No wonder the member for Warringah had to use the analogy of tadpoles becoming frogs in the Financial Review yesterday. You have to go to those examples because it simply does not stack up any other way.
The member for Menzies is the minister in charge of this. We are somewhat nonplussed by this on this side of the House and, as the shadow minister for ageing, I certainly am. One would have thought that this was the responsibility of the Minister for Health and Ageing. The member for Menzies took a different position from the cabinet on this legislation. In the end, he had to present this bill in the House. I want to say to the member for Menzies that—as he is the Minister for Ageing—it is unfortunate that, 10 months on, he has not introduced a single piece of legislation in his own portfolio before this House; not one. The Minister for Ageing has not started a single debate during his 10 months in office.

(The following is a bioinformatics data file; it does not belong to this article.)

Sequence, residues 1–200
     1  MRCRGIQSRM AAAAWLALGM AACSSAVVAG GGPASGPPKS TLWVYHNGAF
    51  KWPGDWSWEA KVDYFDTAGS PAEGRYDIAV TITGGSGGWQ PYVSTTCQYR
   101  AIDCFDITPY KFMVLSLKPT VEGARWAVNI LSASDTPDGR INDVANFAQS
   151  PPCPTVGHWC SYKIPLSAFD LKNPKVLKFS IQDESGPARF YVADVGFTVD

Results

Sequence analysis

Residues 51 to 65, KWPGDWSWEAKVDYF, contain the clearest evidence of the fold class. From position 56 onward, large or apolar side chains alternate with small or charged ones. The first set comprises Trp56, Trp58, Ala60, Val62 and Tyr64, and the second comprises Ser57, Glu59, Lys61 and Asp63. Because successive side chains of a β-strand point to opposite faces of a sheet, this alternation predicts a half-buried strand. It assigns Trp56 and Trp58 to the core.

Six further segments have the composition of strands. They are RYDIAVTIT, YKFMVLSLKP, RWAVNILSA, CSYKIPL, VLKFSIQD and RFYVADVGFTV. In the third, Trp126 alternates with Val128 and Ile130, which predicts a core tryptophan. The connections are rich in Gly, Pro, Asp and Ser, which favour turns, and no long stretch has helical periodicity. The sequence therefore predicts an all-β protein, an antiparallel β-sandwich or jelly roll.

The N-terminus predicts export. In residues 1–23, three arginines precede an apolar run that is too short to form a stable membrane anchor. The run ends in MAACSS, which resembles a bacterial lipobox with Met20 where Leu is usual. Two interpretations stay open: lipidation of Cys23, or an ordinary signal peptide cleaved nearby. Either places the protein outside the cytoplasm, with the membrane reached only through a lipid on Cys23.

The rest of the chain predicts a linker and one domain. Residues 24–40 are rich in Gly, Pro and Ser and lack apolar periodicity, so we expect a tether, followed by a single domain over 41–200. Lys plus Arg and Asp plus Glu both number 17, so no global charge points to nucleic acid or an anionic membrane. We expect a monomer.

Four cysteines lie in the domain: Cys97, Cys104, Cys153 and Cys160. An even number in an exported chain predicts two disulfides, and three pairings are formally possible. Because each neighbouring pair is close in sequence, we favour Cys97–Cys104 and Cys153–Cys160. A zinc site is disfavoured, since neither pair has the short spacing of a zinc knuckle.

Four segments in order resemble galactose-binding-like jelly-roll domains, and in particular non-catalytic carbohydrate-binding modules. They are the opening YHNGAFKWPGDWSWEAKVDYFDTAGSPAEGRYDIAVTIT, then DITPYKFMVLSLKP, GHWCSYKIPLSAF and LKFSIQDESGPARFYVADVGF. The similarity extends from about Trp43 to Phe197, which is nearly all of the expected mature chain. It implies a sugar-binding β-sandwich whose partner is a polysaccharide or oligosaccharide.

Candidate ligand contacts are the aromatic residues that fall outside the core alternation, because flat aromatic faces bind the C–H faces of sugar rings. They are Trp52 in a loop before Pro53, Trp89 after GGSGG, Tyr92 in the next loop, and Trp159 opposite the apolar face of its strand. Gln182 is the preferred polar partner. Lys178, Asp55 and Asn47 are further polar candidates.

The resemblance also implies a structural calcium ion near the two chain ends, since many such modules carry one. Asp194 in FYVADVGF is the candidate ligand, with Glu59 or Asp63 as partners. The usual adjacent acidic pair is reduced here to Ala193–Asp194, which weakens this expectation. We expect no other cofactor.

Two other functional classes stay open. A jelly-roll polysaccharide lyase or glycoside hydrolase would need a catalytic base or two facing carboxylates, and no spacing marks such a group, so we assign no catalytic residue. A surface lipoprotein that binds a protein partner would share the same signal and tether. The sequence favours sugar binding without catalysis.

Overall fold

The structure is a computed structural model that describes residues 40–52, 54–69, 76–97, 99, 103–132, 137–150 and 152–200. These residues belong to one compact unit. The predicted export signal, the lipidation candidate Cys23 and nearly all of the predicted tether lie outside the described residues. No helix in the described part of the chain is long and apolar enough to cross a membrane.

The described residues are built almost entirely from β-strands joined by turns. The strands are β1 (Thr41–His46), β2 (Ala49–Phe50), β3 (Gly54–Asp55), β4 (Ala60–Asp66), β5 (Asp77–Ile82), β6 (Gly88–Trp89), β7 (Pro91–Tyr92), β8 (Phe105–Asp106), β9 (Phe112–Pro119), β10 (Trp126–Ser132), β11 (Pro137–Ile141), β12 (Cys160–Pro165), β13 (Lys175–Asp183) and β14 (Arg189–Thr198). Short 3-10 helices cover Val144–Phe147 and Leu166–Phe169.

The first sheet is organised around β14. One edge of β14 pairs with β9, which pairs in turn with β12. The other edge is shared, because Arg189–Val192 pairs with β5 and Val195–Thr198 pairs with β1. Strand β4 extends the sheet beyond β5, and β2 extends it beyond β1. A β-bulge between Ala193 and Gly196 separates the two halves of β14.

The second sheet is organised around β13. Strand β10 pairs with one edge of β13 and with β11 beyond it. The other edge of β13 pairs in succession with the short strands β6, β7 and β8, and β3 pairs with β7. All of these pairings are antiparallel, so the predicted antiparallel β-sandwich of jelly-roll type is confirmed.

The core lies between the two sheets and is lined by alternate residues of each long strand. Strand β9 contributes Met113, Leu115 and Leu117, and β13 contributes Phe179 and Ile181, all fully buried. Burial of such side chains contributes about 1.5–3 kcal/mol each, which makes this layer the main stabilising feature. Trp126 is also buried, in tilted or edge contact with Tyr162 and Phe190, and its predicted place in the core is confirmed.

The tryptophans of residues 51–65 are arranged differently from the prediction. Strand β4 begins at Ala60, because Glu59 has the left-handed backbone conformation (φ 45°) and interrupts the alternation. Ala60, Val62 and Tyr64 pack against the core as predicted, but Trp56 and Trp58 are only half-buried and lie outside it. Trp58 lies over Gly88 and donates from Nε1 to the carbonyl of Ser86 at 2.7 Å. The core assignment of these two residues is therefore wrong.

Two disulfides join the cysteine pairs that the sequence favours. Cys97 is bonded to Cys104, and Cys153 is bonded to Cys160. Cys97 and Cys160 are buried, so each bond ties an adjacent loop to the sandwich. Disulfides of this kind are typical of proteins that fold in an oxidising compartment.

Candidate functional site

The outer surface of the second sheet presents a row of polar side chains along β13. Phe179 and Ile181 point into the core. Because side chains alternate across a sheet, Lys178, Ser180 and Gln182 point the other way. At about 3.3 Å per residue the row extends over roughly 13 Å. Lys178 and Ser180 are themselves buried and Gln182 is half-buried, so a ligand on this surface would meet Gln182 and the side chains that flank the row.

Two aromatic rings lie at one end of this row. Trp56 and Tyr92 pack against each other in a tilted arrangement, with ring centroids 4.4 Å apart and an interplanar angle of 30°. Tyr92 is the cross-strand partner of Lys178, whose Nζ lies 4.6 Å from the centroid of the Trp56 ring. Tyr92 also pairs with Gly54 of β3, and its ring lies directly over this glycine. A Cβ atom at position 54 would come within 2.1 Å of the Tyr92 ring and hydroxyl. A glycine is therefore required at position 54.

Whilst it is certainly a plus for everyone concerned that the member for Menzies is not Bronwyn Bishop, he needs to do more than just not be her. He needs to address the issues confronting the ageing Australian population and the crisis in aged care—the lack in aged care beds, the blow-out in waiting times, the issue of phantom beds, the shortage of in-home care services, the lack of dementia-specific services, the complex accreditation and RCS system, and the chronic shortage of nursing and aged care staff. We want to see legislative action on these issues and appropriate funding provided. But this minister is so obsessed with being a moral guardian, as he purported to be on voluntary euthanasia, that he has chosen to be obsessed by this issue rather than do his job in his portfolio. I think that is to his great detriment.